Creating A Linux Firewall Using the TIS Firewall Toolkit
Obtain the toolkit, Linux patches, and, if desired, the S/Key package, as detailed in Obtaining Firewall Resources. Bellcore's S/Key provides one-time password support for network authentication if built into the toolkit. A number of commercial one-time password systems are also supported by the fwtk, but their use is not detailed in this article.
Put the fwtk archive in /usr/src/, and run tar xfz fwtk-v1.3.tar.Z to unpack it. If you prefer to build in a different place, modify the Makefile.config as appropriate. The Linux patches that we will be applying assume /usr/src/fwtk is the source code directory.
These patches are based on the work of Marco Pauck (firstname.lastname@example.org) and the firewall-users mailing list. In addition, there are some modifications and additions done by the author to allow the x-gw proxy to work and to support the S/Key authentication mechanism. Most of the patches work around Linux's select() function. Put the fwtkpatches.tgz file into /usr/src/fwtk. Then run tar xfz fwtkpatches.tgz which will create a patches directory. Go into the patches directory and run the INSTALL script or apply the patches by hand. If you do not want S/Key support, run the INSTALL.noskey script instead.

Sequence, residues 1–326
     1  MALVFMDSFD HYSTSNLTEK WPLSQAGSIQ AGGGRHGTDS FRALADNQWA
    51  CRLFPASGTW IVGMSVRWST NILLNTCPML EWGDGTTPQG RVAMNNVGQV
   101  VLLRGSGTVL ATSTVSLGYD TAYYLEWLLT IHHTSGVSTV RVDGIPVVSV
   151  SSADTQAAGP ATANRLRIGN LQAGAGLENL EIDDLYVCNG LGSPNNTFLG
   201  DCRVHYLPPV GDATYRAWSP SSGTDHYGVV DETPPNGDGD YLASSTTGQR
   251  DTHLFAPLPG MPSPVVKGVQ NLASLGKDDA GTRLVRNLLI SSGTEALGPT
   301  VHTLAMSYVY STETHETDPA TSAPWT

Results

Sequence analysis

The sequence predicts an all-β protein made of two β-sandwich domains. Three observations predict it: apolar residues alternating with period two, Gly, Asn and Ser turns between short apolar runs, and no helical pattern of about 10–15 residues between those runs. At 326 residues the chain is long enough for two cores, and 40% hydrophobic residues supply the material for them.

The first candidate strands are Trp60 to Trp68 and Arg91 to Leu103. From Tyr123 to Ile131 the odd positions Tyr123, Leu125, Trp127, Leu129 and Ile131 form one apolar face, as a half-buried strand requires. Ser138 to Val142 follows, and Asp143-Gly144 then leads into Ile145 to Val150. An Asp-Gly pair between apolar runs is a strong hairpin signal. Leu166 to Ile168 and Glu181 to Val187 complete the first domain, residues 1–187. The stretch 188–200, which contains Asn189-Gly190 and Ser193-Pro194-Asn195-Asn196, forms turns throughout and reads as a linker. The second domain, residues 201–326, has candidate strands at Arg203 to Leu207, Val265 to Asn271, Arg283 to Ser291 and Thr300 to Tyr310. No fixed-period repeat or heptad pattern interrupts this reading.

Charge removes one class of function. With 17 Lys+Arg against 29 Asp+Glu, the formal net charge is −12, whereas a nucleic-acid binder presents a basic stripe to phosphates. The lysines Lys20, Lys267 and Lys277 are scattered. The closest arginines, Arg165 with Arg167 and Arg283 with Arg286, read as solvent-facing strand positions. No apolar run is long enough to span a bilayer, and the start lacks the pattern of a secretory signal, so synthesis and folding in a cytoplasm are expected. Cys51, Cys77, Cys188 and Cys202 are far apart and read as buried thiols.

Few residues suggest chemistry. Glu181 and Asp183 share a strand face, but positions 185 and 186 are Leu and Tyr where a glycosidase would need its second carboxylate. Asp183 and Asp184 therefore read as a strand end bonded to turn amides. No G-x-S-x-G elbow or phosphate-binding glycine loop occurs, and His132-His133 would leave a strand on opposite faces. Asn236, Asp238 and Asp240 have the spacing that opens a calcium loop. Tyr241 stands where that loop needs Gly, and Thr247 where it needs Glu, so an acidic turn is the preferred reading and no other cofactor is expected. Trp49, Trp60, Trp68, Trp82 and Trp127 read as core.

Assuming you want S/Key, put the S/Key archive in /usr/src and run tar xfz skey-2.2.tar.gz to un-archive it. It is necessary to compile S/Key first so that its libraries can be linked into the authentication service when we compile the fwtk. This S/Key is already ported to Linux, so all that is necessary to build it is to run make inside the /usr/src/skey-2.2 directory.
When the patches have been installed and S/Key has been compiled, you can modify the Makefile.config if you want to change any of the defaults, but the rest of this article will assume you have left the Makefile.config as patched. Go to /usr/src/fwtk/ and run make and make install. The firewall components will be installed in /usr/local/etc/ by default.